I kept Castaneda's set of four books from college, feeling that there was something authentic in them. When the controversy hit (and never stopped) about him, his sources, etc., I still felt there was something real in them, although I had no idea how to learn what he talked about.
After knowing more about out-of-body experiences myself, I now recognize that this is what his "dreaming" was and is in this book.
However, I had not noticed before how fear-driven this guy is, and that has not been my experience. Everything, including experiencing "inorganics" (which include tress, which are organic, are they not?), I finally decided that this guy could never have trained anyone else in positive experiences because his own outlook was black and bent toward the dark.
So I stopped reading. For those who just want an introduction to the topic, I suppose this could be OK. Others feel it is a great primer, at least offering other ways to approach getting to the state. Finding the hands in dreams, for instance, is a valid way. I just finally said "No thanks" to his outlook. I don't need to cloud my mind with it.
P.S. I continued reading and take back some of the comments above. For those who are attempting out-of-body experiences, AP, projection (whatever you want to call it), this is not the book to start with. Compared to William Buhlman's Adventures Beyond the Body, this book (and all Castanada's books) are made intentionally mysterious and occult and difficult. For instance, Castaneda (and supposedly his master don Juan) use the term "assemblage point" for where one shifts one's attention. He could have called it attention, but everything is steeped in mumbo-jumbo. His apprenticeship and all he learned took years--too many for me to count as he describes them. Buhlman says that most people can have a projection in 30 days. No guarantees, but most. It took me 45 days, but I was aware of most everything that would happen because Buhlman lays it out in a straight-forward simple way. First you create a sort of visual place for yourself to go by visualizing each item in a familiar room to you, so that you can reconstruct the room from your memory and how it feels. When you manage to get in a mind-awake, body asleep state, you move away from your sleeping body --as for most people focusing on it will pop you out of the projection immediately and back into your bed! In this book, his mentor tells him to intentially look at his physical body, and the guy spends a full year just doing that. Duh. His Four states or four steps take him forever to complete whereas those things are almost automatically part of one's first projection if you know what to expect.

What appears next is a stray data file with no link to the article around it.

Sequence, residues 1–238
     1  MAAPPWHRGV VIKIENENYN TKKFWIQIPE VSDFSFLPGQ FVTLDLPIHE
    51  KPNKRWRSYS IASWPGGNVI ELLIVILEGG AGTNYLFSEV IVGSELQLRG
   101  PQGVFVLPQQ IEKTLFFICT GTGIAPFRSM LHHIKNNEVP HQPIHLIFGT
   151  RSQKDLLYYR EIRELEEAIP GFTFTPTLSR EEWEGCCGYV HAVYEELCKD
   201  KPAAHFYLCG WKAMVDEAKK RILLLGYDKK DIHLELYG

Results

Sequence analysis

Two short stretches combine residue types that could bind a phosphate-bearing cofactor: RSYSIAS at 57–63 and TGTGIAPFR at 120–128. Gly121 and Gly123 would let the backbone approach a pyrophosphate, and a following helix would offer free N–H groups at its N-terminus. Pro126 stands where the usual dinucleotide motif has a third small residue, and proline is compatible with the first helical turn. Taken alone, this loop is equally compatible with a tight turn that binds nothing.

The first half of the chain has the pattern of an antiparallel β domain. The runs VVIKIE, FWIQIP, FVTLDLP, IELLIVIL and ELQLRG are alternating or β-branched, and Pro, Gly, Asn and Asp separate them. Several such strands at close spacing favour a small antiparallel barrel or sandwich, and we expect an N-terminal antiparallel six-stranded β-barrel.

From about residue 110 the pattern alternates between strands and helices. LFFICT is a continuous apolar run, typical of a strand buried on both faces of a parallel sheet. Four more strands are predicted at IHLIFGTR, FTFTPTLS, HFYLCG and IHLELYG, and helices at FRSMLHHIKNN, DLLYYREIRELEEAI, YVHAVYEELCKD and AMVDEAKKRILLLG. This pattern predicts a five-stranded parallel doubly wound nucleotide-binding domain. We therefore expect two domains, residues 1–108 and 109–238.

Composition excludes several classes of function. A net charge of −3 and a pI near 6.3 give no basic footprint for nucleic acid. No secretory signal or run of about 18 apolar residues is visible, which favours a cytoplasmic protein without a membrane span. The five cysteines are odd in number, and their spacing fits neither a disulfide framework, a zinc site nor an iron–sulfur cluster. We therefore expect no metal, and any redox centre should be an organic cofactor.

So, for someone who is a novice, this is not the book to read. For just curiosity or to compare with your own experiences, it is kind of interesting--in an archaeological way. Many of the experiences he describes others will recognize. But his intention is to obscure not to simplify. And he was a very fear-based guy who tended toward the darker sides of spirituality. Maybe it was all those mushrooms:) Although he is not the best guide, it is interesting to note how this field has moved from the darkness of sorcery and fear into the light (literally) since the 1970s when he was conducting these "experiments". For those who wish to experience for themselves the many dimensions out there besides this tiny sliver of physical denseness we experience, this is not the book. Much more is now understood and there are countless sources on the web and in books. We are now into a new era of exploration.
This book will open your mind to the reality of reality. It shows that reality is only a personal perception, not a concrete, absolute mold. If I could only take five books on a deserted island, this would be one of them.
Different cover art on my copy, but the same book in paperback.